We paid an enormous price for our freedom, safety and normal life in our countries. Historical memory should be strong and uncompromisable so that future generations never find themselves facing a new tragedy that we left them as a heritage.
Now our main mission is to protect our families, our children. We, citizens of Europe, never forget that every global tragedy begins with attacks on Jews.
I am sure that all of you here ask yourselves what can be done to bring the normality back, or better say, to move to new safe normality.
To that end, I believe that we have to address three main dimensions: 1) security, 2) education and prevention, and 3) legislation.
The European Jewish Congress decided to contribute to the security of its Jewish communities and other most threatened minorities in Europe.
We established an International Security and Crisis Management Centre in Austria, which has proved to be quite effective. We work together with all relevant authorities and now we count on the support of the European Union institutions.
Radicals recruit and brainwash immature European teenagers and even children to extreme organizations. They have a strategy for 20 years ahead. What countermeasures can we propose?
We have supported special educational programmes – from kindergarten to university – to explain, why religious hatred, xenophobia and Antisemitism are not acceptable.
Preventive measures are important as well. In the UK for example, we supported a centre based on the method of Anna Freud for the most offensive young people, who are easy targets for radicals. 80% of them come back to normal life. And it is definitely a subject of white franchising all over Europe, if not a world.
One of the most important legacies of the Second World War – perhaps the most positive legacy – is the creation of a new system of international justice, grounded in the Geneva Conventions, created at the Nuremberg Trials and updated through the International Criminal Court.
Thanks to the Nuremberg Trials, it was above all the Nazi ideology that was outlawed and declared criminal.
It is now time to build on these lessons and establish a special tribunal to condemn terrorism and the radical ideologies that support it, the groups that provide it.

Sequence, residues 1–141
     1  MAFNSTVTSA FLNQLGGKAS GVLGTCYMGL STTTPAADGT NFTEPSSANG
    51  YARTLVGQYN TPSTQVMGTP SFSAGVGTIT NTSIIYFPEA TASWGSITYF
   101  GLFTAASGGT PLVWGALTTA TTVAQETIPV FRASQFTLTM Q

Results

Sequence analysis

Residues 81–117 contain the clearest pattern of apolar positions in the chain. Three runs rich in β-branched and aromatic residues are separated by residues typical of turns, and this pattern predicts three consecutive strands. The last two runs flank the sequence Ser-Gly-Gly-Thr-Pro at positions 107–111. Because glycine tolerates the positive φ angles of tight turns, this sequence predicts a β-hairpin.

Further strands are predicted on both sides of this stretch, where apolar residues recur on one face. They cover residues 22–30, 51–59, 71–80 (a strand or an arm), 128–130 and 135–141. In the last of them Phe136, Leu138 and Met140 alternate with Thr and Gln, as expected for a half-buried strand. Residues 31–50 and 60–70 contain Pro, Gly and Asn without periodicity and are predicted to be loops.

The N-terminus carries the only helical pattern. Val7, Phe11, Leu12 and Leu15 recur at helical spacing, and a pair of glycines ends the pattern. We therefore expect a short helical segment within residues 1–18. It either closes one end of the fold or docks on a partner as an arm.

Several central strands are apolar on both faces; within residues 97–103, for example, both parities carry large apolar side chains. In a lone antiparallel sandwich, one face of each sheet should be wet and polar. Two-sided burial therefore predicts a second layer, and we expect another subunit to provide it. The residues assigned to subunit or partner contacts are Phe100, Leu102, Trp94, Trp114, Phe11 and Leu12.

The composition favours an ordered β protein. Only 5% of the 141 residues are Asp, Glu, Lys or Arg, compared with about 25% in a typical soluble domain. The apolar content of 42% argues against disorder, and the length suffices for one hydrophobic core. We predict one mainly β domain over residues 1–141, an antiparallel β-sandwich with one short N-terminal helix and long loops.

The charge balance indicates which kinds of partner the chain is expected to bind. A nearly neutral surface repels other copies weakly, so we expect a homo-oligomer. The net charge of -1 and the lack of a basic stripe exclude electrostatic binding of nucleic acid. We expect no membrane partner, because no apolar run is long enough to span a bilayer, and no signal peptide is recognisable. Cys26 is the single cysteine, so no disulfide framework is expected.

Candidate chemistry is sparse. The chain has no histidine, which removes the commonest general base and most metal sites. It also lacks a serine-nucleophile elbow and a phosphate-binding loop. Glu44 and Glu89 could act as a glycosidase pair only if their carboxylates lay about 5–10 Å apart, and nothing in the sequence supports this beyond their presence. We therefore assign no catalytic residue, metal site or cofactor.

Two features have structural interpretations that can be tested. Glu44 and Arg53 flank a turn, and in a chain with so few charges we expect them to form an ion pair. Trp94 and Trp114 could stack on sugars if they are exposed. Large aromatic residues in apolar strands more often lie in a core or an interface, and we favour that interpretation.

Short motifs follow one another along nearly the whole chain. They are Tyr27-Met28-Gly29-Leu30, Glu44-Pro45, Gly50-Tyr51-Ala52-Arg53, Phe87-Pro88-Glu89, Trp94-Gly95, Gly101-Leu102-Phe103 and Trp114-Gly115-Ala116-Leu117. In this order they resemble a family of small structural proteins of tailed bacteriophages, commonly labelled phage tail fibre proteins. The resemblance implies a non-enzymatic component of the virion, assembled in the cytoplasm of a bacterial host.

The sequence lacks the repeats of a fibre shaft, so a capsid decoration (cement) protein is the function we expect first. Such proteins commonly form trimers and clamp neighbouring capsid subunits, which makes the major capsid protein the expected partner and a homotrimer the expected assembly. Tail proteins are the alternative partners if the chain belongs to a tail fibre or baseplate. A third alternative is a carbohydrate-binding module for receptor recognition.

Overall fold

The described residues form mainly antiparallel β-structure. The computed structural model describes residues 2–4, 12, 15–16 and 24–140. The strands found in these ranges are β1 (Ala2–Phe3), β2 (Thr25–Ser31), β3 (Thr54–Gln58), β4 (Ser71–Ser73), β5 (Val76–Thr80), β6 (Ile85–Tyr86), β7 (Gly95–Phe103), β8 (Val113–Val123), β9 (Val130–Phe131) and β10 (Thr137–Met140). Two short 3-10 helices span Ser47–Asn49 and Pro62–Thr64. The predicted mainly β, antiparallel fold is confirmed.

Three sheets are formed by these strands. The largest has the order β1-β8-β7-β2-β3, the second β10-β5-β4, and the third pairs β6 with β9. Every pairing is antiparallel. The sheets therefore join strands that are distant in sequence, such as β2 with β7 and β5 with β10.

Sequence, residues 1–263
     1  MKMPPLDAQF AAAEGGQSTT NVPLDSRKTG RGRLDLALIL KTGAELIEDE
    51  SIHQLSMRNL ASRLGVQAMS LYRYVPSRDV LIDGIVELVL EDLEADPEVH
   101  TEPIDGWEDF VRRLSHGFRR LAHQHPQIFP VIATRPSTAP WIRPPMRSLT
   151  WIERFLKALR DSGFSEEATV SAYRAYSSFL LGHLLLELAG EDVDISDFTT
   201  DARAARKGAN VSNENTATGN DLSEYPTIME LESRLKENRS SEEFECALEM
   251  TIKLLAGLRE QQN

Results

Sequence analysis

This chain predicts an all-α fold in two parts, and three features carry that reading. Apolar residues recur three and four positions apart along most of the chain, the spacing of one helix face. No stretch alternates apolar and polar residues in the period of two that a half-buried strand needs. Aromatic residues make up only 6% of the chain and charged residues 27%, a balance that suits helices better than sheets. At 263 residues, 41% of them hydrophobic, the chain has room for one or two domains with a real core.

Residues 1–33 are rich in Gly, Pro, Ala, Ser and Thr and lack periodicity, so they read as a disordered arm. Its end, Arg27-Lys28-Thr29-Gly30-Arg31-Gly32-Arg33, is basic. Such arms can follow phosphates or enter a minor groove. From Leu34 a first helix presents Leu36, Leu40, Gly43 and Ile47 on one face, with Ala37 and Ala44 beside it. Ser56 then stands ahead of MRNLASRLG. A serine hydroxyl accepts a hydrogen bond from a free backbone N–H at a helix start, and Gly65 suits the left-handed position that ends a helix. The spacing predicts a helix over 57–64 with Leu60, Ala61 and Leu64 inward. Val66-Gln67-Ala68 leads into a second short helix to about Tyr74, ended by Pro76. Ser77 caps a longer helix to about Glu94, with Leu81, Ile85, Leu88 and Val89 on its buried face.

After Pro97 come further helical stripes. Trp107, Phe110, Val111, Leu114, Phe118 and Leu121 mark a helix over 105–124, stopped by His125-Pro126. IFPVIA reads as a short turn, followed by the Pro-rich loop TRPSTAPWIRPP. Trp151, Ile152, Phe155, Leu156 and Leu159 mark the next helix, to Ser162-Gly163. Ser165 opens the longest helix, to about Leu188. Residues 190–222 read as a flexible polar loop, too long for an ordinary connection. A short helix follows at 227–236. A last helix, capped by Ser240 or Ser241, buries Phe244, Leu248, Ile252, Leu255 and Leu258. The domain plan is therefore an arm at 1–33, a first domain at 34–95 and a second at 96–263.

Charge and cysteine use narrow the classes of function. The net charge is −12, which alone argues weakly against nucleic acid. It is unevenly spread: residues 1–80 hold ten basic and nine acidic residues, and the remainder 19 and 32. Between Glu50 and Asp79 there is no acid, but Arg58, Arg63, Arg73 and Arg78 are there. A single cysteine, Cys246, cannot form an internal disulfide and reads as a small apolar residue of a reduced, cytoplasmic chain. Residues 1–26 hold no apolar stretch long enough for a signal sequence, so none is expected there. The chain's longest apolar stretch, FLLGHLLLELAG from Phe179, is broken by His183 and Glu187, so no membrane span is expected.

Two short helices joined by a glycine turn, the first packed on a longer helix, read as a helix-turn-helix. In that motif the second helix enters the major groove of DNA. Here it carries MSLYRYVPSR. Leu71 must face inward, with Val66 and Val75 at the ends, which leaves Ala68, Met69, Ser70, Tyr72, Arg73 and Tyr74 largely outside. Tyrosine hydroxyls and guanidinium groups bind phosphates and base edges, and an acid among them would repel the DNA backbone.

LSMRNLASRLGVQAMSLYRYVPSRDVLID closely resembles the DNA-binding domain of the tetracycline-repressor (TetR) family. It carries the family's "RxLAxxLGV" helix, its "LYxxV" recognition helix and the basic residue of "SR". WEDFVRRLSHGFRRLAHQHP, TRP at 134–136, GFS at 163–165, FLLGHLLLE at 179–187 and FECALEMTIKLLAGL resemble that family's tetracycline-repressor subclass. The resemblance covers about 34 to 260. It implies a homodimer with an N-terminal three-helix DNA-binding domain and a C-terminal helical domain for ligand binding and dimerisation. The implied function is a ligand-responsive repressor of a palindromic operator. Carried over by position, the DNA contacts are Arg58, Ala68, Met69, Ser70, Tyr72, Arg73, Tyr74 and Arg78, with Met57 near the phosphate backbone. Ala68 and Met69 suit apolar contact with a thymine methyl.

It is about time to bring extremists’ leaders and foot soldiers to justice for their war crimes, crimes against humanity and possible genocide. Extremists’ leaders and others must not escape accountability for what they have been and are still doing.
Finally, today we are facing the threat of proliferation of nuclear weapons and their falling into terrorists’ hands.
This global threat from terrorist organisations cannot be solved effectively without the United States and Russia working together against it.
I strongly believe that Europe, for the sake of its global security and safety, supports the steps to a normalisation and even cooperation between Europe, United States and Russia.
Let us not forget that during crucial moments of history these powers always stayed together. On this day 72 years ago, the Russian army liberated Auschwitz. A few months later, the Allied Forces celebrated together the victory in the Second World War. Such an alliance is strongly needed today.
I am honoured to stand here as your partner on this special occasion.
I hope that we can work together in fulfilling the task at hand, in the same kind of partnership that we had with President Schulz.
I hope that we can meet again next year and the year after that, and the year after that, to discuss not only the lessons of Holocaust, but how we turned those lessons into practice.